If you used a tumble dryer three times a week, it would cost you £5.97 to run (on the basis that you’re using a condenser or vented tumble dryer. 

Whereas three loads per week on an airer and ironing for 90 minutes costs £1.59. That’s £4.38 less. 

And if you used a dehumidifier instead of an airer, it would cost a little more for three loads of washing per week, but less than the running cost of a tumble dryer.

But this will not always be the case for everyone. 

You need to ask yourself the following to figure out what suits your household the best:

  • How powerful is my iron? (the more powerful, the more energy it will consume)
  • How many loads of washing do I do per week? 
  • How many garments can I iron in half an hour? (not everyone’s ironing time is the same and some clothing requires more attention than others)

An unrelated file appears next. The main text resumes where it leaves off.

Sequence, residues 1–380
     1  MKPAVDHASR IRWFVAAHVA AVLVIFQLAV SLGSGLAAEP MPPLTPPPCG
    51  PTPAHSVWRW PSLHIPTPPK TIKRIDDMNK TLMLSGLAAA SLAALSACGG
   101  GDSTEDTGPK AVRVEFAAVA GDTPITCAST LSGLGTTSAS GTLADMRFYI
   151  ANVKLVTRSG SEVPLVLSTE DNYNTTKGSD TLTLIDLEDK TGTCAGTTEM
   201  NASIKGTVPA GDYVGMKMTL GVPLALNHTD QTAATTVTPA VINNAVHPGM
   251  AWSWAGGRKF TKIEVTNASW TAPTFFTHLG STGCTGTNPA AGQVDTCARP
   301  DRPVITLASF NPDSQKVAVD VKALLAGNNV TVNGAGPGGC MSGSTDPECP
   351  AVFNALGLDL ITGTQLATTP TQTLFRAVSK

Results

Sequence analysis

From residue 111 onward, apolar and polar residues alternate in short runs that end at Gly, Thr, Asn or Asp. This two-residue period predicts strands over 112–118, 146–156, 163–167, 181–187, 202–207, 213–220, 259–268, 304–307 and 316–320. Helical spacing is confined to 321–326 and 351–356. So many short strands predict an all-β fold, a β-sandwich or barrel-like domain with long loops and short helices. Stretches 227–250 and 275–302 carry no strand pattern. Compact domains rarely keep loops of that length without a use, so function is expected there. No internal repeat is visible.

• How big are my washing loads and how much of it needs ironing? (Things like PJs and socks don’t need to be ironed, but if you’re doing the washing for a family of four and your washing machine drum is bigger than the average 7kg to 8kg, it might just be worth putting all of the clothes in the tumble dryer).

Ben from Uswitch gives a good tip: “Try to fold clothes away as soon as they are dry to avoid them creasing.” 

If you’re looking for the quicker option,  the tumble dryer wins if you compare the time it takes to dry clothes on an airer and iron them.

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Vaishali Varu
Staff Writer

Vaishali graduated in journalism from Leeds University. She has gained experience writing local stories around Leeds and Leicester, which includes writing for a university publication and Leicester Mercury. 

She has also done some marketing and copywriting for businesses.

When she is not writing about personal finance, Vaishali likes to travel and she's a foodie.